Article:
Longtime Island coffee stand bids adieu to north-end crowd

Wanda Moore’s coffee stand was moved from its north-end location and now sits on cinder blocks. - Leslie Brown/staff photo
Wanda Moore’s coffee stand was moved from its north-end location and now sits on cinder blocks.
— image credit: Leslie Brown/staff photo

Last week, Wanda Moore set up a lawn chair next to the north-end ferry terminal where her latte stand had stood only days before, offering up hugs and farewells instead of double talls and single shorts.

For more than 30 years, the stand has been a fixture at the north-end ferry dock, making it, some say, the longest continuously operating stand in the Seattle region, the latte Mecca of the world. But the Friday before, her landlord, she said, had shut off her water; on Saturday, she had her stand forklifted onto a truck and carted off.

Now, a truck is parked on the gravel pull-out where Wild Woman Espresso once stood, and on Monday, as commuters shuffled past in a steady rain, some mourned its loss.

“I’m sad to see it gone,” said Ryan Lenear, carrying a cup of java that he’d purchased elsewhere. “She made great coffee. And she was fun to talk to.”

Others were befuddled by the stand’s sudden departure, which took place with little fanfare — operating one day, gone the next.

“What happened?” asked Karen Hust as she walked past in the pouring rain.

What happened is subject to some dispute, since both sides in the argument are hesitant to reveal all the details — and those they do offer up are contradictory.

Brad Cooper, who owns the property where Wild Woman Espresso stood, said the two had a disagreement over rent.

“We were unable to come to terms, and I was unwilling to let her stay there rent- free forever,” he said.

Moore described a much more complex situation, saying that he owes her money from a previous effort on his part to purchase the latte stand, which was why she wasn’t paying rent. She’d successfully staved off one eviction effort, she said, but was unwilling to bring in a lawyer to try again to retain her little piece of ground next to the ferry terminal.

As a result, she said, he turned off the water early Friday, Oct. 16, forcing her to quickly pack up her business and close the stand.

“It’s just horrible,” she said. “This is an institution.”

But Moore, 61, said she’s taking the sudden closure of a business she’s run since 1999 as an opportunity to write a new chapter in her life. In a few weeks, she plans to pack her car, put her two horses — a Morgan mustang named Cruiser and an Arab/pinto named Kimama — into a trailer and head to California, where her ailing mother lives.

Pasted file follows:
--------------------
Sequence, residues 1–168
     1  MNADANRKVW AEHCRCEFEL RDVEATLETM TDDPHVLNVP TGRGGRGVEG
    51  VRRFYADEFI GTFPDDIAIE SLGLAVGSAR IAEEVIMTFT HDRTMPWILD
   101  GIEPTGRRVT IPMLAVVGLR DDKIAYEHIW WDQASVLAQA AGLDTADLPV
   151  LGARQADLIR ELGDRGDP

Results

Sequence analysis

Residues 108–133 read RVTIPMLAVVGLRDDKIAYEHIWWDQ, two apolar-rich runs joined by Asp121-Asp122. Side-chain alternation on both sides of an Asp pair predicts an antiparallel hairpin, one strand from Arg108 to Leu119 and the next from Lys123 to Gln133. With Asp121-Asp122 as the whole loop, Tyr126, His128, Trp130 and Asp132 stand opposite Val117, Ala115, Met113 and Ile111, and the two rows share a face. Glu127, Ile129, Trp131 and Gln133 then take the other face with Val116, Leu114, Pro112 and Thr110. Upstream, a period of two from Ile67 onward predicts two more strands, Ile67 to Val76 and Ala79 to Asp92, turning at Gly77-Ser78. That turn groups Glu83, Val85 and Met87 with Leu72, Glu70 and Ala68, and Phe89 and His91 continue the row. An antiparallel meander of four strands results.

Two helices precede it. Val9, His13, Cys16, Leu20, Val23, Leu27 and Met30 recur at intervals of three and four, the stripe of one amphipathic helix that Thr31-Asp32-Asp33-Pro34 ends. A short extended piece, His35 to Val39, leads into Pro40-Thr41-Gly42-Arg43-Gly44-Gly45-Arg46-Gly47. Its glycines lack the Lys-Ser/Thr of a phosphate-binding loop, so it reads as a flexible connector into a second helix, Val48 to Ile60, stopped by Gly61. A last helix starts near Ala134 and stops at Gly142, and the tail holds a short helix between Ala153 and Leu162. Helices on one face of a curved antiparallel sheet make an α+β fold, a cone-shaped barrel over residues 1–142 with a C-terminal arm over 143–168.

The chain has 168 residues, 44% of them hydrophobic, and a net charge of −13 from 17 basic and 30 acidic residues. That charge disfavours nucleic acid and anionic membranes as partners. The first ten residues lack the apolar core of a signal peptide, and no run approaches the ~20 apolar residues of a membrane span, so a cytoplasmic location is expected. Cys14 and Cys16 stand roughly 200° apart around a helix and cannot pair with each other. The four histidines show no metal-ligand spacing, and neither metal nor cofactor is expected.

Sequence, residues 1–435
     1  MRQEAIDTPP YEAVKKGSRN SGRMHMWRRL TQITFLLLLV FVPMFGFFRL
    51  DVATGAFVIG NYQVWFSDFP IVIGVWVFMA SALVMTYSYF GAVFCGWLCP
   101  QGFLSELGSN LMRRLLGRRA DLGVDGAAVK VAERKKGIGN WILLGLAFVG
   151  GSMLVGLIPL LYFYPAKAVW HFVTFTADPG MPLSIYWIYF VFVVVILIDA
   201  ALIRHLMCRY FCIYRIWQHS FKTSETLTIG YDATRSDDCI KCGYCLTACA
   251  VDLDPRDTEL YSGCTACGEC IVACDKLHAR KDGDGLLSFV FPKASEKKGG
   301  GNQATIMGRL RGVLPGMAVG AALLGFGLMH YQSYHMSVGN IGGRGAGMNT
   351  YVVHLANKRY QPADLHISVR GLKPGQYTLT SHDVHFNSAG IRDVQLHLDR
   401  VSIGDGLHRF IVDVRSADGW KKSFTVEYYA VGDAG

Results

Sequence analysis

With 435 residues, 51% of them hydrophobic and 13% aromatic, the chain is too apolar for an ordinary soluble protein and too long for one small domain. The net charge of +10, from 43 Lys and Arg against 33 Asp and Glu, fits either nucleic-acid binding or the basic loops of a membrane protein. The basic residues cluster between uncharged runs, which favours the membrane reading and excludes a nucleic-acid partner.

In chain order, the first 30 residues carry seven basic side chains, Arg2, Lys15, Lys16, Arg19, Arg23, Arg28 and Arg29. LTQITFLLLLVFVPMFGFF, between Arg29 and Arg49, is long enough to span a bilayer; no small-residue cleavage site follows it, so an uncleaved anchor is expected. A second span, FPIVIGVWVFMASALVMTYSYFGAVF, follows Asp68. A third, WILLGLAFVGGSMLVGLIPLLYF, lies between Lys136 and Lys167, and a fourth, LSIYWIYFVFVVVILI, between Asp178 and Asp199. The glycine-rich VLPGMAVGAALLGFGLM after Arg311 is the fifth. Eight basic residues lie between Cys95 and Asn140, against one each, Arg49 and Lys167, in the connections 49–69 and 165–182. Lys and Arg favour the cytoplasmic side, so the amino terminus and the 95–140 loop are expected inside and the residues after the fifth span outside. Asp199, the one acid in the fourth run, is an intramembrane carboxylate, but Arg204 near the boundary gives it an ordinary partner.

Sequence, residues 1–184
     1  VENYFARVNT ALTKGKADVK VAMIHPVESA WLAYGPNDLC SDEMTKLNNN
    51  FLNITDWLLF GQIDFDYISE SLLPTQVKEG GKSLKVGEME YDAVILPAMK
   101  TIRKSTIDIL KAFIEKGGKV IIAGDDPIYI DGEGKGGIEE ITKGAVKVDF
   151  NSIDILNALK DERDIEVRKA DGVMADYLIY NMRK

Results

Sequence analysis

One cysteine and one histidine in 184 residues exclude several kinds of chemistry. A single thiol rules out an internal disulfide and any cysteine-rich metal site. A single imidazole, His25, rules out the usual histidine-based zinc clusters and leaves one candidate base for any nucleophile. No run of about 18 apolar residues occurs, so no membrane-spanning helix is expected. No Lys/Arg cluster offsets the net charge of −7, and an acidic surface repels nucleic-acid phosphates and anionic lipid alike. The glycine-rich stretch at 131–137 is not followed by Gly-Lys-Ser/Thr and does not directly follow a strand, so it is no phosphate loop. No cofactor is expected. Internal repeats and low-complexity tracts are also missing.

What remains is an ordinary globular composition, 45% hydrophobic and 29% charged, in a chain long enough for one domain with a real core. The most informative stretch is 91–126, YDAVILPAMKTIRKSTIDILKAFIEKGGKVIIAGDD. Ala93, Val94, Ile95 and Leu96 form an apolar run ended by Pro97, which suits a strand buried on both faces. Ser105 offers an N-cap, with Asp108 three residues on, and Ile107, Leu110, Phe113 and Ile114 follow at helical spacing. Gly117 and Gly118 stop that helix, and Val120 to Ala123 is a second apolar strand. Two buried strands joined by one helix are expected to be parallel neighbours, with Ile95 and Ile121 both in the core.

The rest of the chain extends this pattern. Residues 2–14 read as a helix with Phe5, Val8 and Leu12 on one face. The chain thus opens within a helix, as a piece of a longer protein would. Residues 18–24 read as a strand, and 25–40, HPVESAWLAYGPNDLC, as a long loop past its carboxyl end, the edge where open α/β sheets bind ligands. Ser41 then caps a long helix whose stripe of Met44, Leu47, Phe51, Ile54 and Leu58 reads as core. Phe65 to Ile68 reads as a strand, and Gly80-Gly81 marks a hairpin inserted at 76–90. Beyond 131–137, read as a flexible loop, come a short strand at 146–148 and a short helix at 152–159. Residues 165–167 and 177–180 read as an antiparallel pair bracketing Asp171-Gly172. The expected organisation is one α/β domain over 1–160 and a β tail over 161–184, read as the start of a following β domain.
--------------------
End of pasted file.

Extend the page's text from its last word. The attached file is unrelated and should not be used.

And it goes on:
“I’ll ride my horses in the Sierras,” she said, smiling.

The latte stand — now on cinder blocks at V.I. Horse Supply — is a modest, fir-clad structure, constructed by an Island boat builder in 1977. Moore bought the stand from Sandy Sheldon, who owned it for years; its lineage before that is unclear.

The latte stand has been one of Vashon’s gathering spots for years, and Moore — talkative and cheerful — has made connections with hundreds of Islanders in the course of her decade of brewing lattes. She’s watched women become mothers, watched children grow up, watched people move to the Island and then move off.

She felt sad and even tearful last Monday, she said, when she set up her lawn chair and bid farewell to a steady stream of customers.

“On the other hand, I got enough hugs to last me a couple of months,” she said.

Margaret Heffelfinger, whose son Hart used to order what he called “Polar Bears,” a special concoction made with white chocolate, said the stand’s closure is more than another business loss on the Island.

“It’s a personal loss, because Wanda made a connection with everybody who stopped there,” she said.

“A cup of coffee is a social event,” Heffelfinger added. “And that coffee stand was a little social mecca.”

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